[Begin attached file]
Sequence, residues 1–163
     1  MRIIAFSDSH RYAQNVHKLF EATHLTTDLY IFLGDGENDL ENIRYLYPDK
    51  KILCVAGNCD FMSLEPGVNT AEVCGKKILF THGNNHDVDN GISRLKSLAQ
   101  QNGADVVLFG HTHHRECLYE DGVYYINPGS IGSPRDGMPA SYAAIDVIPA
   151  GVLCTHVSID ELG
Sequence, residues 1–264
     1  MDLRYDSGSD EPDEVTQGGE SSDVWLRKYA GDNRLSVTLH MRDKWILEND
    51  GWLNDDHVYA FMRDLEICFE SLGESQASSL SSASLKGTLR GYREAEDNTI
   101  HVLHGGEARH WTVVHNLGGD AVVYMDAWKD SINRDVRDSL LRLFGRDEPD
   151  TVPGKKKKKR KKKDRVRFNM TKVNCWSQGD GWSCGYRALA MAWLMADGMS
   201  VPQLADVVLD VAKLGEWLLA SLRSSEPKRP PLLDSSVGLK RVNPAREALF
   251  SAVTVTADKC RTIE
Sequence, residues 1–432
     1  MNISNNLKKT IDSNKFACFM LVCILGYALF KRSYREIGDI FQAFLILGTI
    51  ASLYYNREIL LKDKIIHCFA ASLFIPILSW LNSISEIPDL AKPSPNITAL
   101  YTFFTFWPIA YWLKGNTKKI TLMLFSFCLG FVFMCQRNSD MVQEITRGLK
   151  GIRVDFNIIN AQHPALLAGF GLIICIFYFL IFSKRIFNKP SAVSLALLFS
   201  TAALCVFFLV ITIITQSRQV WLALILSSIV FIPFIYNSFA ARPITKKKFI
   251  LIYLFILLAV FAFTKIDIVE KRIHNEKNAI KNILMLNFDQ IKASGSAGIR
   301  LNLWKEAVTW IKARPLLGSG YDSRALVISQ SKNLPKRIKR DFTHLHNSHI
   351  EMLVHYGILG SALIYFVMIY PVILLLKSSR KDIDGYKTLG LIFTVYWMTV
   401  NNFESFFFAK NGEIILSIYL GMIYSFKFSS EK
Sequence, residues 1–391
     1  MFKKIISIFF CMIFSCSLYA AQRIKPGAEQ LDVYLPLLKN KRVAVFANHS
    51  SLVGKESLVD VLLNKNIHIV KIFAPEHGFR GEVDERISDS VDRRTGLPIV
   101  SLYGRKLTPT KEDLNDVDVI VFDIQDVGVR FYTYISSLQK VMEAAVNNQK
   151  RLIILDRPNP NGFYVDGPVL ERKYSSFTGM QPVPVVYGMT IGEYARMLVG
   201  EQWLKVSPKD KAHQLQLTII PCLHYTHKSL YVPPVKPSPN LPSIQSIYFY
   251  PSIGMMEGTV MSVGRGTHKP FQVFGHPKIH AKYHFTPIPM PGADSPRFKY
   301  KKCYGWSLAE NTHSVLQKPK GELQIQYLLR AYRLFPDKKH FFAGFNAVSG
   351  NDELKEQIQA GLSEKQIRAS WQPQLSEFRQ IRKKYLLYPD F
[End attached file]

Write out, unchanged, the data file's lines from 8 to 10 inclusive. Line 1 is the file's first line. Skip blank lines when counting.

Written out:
    51  GWLNDDHVYA FMRDLEICFE SLGESQASSL SSASLKGTLR GYREAEDNTI
   101  HVLHGGEARH WTVVHNLGGD AVVYMDAWKD SINRDVRDSL LRLFGRDEPD
   151  TVPGKKKKKR KKKDRVRFNM TKVNCWSQGD GWSCGYRALA MAWLMADGMS